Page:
Cheap Pre-Built Gaming Computer?

Hey! I'm looking for a somewhat cheap gaming computer. I have $730 in total, and I am willing to spend most/all of it. I don't care if it's a laptop or a desktop, but desktops must also cover the prices of Monitors.

I want to use the computer for gaming, obviously. I mainly want to play Starcraft 2 and some steam games. The Recommended specs for SC2 are:
Windows Vista®/Windows® 7
Dual Core 2.4Ghz Processor
2 GB RAM
512 MB NVIDIA® GeForce® 8800 GTX or ATI Radeon® HD 3870 or better

The Graphics card is obviously very picky, so I'll probably end up getting a computer with a bit/lot less.
I at least want to run SC2 on medium at around 35-50 fps.
I've searched all around and can't find a good computer, so I'd appreciate any help I can get!
6 answers Last reply
More about cheap built gaming computer
  1. Building a computer is incredibly easy and it really is the only way to get the best bang for your buck on a gaming computer.. People look at them and think you need an engineering degree to build one, not true. Just following a guide like this: http://www.build-gaming-computers.com/how-to-build-a-pc.html, you can put one together as a first timer in under 2 hours.

    If you really don't think you can handle it, go to cyberpower and get something like this http://www.cyberpowerpc.com/system/Gamer_Xtreme_2200/
  2. The HP DV6/Lenovo Y570 can be had for ~$750 after promos with 2410Ms and HD6770M/GT555M, so its a good deal if you want a laptop.

    For desktops, a custom build would be my recommendation, but heres a solution if you are comfortable with switching PSUs:
    http://www.newegg.com/Product/Product.aspx?Item=N82E16883229265
    http://www.newegg.com/Product/Product.aspx?Item=N82E16817139026
    http://www.newegg.com/Product/Product.aspx?Item=N82E16814500202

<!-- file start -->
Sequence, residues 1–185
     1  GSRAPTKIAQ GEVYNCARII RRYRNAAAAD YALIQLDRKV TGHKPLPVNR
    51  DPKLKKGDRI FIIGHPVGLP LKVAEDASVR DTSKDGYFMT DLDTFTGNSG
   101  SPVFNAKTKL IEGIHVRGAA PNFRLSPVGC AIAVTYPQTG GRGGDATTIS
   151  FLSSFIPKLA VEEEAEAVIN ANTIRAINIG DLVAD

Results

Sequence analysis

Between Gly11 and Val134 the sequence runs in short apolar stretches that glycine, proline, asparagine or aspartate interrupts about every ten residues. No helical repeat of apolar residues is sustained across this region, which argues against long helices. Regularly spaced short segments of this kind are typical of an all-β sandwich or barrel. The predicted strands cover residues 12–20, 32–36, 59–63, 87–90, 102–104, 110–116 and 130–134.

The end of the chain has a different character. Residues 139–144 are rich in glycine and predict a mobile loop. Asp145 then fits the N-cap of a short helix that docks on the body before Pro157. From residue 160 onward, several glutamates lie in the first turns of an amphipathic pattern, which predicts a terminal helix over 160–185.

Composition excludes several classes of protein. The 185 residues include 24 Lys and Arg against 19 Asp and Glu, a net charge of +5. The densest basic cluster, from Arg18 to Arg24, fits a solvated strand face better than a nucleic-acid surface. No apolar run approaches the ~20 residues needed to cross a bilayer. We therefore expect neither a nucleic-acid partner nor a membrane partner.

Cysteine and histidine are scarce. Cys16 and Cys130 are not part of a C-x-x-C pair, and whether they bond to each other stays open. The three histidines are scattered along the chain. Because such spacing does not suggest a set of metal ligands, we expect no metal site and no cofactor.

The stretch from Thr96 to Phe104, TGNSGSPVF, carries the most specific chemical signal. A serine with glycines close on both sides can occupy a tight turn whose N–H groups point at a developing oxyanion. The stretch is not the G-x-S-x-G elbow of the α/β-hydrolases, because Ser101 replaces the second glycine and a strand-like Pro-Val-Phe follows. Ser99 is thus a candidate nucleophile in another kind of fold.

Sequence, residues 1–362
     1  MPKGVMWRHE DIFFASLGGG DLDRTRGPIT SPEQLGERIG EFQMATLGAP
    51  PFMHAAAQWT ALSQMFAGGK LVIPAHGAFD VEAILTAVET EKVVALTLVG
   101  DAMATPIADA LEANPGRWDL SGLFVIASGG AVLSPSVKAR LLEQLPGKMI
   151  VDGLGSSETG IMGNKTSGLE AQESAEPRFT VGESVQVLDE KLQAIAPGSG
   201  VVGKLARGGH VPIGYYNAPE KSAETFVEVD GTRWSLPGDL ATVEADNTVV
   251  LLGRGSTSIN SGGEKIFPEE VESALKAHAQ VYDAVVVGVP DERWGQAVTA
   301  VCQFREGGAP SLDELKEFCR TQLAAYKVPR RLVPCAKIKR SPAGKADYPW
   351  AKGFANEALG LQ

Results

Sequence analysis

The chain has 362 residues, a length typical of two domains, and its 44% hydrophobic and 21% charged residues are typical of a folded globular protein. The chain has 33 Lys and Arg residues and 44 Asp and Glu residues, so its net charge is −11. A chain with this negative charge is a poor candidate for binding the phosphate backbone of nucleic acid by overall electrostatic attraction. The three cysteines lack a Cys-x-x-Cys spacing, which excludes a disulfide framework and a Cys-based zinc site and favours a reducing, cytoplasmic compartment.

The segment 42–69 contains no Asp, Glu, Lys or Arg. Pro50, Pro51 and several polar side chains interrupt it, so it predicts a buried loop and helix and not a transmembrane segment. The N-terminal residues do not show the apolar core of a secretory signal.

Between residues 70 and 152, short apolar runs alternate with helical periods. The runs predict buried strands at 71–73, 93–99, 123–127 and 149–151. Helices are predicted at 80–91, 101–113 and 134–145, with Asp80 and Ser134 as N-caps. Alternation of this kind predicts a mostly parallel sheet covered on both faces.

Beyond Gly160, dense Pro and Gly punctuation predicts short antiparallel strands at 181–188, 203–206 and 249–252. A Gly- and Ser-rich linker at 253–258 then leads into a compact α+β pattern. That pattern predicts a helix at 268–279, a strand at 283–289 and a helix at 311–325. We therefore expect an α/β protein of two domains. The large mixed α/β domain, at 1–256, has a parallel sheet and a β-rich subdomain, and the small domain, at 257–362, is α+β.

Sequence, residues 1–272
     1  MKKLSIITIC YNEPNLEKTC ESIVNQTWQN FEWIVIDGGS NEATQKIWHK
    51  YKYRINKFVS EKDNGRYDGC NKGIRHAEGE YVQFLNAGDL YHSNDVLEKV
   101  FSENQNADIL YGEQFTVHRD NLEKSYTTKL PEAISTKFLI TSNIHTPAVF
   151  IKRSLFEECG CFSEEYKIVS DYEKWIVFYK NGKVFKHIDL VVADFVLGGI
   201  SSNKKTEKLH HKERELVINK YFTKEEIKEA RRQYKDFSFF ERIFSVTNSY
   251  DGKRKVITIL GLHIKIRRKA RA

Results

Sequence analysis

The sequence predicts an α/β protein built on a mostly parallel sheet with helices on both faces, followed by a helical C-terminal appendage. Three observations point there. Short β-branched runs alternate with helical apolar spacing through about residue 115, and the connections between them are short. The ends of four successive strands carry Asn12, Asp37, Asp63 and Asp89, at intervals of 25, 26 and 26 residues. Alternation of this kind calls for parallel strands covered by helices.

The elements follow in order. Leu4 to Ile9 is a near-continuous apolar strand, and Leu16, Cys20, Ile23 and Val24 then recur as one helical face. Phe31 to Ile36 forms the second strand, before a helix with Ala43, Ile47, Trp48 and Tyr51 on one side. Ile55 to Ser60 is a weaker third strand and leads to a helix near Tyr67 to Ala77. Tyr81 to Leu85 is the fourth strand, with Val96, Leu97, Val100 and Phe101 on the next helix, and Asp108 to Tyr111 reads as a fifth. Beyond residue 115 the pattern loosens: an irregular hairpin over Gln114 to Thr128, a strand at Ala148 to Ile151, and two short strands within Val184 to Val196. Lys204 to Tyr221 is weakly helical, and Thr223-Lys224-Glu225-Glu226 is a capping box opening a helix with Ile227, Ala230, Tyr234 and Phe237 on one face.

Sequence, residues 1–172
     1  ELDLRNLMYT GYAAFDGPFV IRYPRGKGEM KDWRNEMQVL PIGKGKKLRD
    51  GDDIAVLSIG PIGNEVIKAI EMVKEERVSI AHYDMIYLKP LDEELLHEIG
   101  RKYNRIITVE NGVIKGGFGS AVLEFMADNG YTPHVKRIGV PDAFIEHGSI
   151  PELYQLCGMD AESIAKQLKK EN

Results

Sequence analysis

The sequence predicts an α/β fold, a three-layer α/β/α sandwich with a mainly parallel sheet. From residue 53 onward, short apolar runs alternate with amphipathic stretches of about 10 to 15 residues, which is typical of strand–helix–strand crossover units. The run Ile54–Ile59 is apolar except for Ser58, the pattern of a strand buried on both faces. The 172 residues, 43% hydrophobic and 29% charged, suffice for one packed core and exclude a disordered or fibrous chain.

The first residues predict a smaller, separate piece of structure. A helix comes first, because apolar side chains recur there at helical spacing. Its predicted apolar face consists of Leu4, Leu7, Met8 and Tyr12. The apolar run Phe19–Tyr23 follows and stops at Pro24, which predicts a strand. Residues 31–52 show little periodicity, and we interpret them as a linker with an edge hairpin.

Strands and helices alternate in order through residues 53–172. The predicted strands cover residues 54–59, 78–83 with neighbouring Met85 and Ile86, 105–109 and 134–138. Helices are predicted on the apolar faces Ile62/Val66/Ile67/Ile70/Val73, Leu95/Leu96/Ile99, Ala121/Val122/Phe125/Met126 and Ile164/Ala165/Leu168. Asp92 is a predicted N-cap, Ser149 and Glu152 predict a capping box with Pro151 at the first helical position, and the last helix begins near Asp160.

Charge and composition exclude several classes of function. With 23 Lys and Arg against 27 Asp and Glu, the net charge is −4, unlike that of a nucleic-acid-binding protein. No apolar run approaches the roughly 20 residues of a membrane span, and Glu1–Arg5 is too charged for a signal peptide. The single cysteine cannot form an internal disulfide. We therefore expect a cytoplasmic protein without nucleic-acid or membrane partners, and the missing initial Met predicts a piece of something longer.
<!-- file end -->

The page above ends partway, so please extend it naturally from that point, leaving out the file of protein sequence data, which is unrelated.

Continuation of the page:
http://www.newegg.com/Product/Product.aspx?Item=N82E16824262011
    Total: $705 ($665AR) +shipping
  3. Timop said:
    The HP DV6/Lenovo Y570 can be had for ~$750 after promos with 2410Ms and HD6770M/GT555M, so its a good deal if you want a laptop.

    For desktops, a custom build would be my recommendation, but heres a solution if you are comfortable with switching PSUs:
    http://www.newegg.com/Product/Product.aspx?Item=N82E16883229265
    http://www.newegg.com/Product/Product.aspx?Item=N82E16817139026
    http://www.newegg.com/Product/Product.aspx?Item=N82E16814500202
    http://www.newegg.com/Product/Product.aspx?Item=N82E16824262011
    Total: $705 ($665AR) +shipping

    Thanks! Are you sure the new Graphics card and PSU will fit with the hardware and motherboard of the computer? Will I have to get any extra cables?
  4. AfirAwesome said:
    Thanks! Are you sure the new Graphics card and PSU will fit with the hardware and motherboard of the computer? Will I have to get any extra cables?

    Nope, should be just a couple of screws and plugs. It will either be an Asus or Biostar H61 board (likely the latter).
    Would work with any 2100 machine though, since its all just uATX cases.
  5. Timop said:
    Nope, should be just a couple of screws and plugs. It will either be an Asus or Biostar H61 board (likely the latter).
    Would work with any 2100 machine though, since its all just uATX cases.

    Great! Although what would be the reason to replace the PSU if the PC comes with 450 watts, and the PSU has 430?
    Yeah, I know nothing about computers, but I'm learning =P
  6. Theoretically that PSU would work, but companies like CyberpowerPC is notorious for putting in overrated/bad PSUs in their systems to save a little money. Look at their website, something must be wrong when their "850W" is $100 cheaper then a branded 650W.

    With the PSU powering everything in your computer and the possibility of shorting expensive parts like the GPU or CPU, spending the extra dollars on a reliable PSU is worth it IMO. Besides, with higher efficiency, you can save a little on your power bill also.
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